1994-07-21 - Re: Voice/Fax Checks

Header Data

From: solman@MIT.EDU
To: rah@shipwright.com (Robert Hettinga)
Message Hash: 0b4277f19260ae351d9f3ae2fb908f26d62324292fdf277ebd1326497d0df747
Message ID: <9407211652.AA09087@ua.MIT.EDU>
Reply To: <199407211641.MAA25949@zork.tiac.net>
UTC Datetime: 1994-07-21 16:53:13 UTC
Raw Date: Thu, 21 Jul 94 09:53:13 PDT

Raw message

From: solman@MIT.EDU
Date: Thu, 21 Jul 94 09:53:13 PDT
To: rah@shipwright.com (Robert Hettinga)
Subject: Re: Voice/Fax Checks
In-Reply-To: <199407211641.MAA25949@zork.tiac.net>
Message-ID: <9407211652.AA09087@ua.MIT.EDU>
MIME-Version: 1.0
Content-Type: text/plain

> At 11:38 AM 7/21/94 -0400, solman@MIT.EDU wrote:
> >The selling point for digital cash is that it has a low transaction cost
> >and can easily be used for extremelly small transactions. If agent A and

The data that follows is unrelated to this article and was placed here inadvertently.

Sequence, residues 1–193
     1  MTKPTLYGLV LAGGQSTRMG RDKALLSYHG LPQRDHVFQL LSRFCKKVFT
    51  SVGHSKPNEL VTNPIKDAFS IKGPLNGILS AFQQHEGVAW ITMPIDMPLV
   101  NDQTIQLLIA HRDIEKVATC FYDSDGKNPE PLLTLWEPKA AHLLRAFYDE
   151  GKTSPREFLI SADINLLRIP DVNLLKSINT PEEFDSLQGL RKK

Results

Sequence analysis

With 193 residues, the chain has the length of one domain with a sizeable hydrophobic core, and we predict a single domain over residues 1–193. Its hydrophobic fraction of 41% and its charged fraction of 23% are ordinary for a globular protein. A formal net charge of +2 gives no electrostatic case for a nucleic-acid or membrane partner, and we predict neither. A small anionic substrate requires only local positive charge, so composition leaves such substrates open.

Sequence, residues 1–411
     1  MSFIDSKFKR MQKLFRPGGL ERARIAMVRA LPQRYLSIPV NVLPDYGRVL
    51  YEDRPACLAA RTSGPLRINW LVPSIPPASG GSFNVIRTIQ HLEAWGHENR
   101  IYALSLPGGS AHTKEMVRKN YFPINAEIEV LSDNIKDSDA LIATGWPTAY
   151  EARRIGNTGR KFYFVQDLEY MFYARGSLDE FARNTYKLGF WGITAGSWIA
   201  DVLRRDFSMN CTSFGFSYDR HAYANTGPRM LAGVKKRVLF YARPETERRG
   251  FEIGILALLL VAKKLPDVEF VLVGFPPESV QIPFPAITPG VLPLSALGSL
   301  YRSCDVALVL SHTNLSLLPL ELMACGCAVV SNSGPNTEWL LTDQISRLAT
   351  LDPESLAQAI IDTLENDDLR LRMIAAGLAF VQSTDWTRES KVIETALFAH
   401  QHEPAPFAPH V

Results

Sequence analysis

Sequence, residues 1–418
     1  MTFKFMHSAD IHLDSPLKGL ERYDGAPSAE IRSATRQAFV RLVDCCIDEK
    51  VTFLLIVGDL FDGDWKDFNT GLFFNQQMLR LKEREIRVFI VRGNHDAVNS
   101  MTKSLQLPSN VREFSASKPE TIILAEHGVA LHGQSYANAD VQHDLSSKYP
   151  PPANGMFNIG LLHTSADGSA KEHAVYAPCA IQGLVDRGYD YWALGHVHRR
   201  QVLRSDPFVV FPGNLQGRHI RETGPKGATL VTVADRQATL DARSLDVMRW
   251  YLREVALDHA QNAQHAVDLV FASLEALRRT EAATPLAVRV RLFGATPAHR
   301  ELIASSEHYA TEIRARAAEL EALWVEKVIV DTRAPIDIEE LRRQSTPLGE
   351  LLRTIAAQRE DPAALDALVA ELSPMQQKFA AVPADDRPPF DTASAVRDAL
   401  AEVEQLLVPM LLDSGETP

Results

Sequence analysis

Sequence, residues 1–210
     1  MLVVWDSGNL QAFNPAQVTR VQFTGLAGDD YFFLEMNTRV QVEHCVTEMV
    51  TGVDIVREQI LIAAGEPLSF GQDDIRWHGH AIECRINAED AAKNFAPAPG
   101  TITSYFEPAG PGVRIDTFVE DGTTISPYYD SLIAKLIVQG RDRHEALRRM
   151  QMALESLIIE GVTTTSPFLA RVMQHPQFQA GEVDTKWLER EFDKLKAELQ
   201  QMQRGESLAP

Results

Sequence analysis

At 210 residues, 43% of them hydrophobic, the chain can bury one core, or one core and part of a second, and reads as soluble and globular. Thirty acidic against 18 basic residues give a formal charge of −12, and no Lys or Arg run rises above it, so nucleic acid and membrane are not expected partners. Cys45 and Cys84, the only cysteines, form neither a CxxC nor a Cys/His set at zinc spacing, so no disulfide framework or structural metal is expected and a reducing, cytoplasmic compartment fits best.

> >agent B want to do business without bothering their owners, you had better
> >have some robust digicash.
> I've made this claim myself here before.  It's possible you're in a
> position to verify it.  Can you?

Not yet. But I'm just a few weeks away from Alpha testing a very
large web-based project which has all sorts of agents interacting
with each other and dealing in very small amounts of money. It
includes a second rate (but effective) digital cash protocol.
When I'm done (which will be very soon), I'll post the code
here so everybody can tell me what's wrong. I am presently
attempting to upgrade the digital cash to a new method that
I've devised (using other people's demonstratedly secure
primatives of course). That's why I joined this list recently.

I am sure of two things:

A) To extract the greatest possible value from human time,
it is necessary so set up a complex infrastructure of agents
that can abstract tasks whenever possible.


B) A system like this can not exist without a method of
dealing with extremelly small monetary transactions.

If my confidence is not misplaced, digital cash is simply
required by the digital future.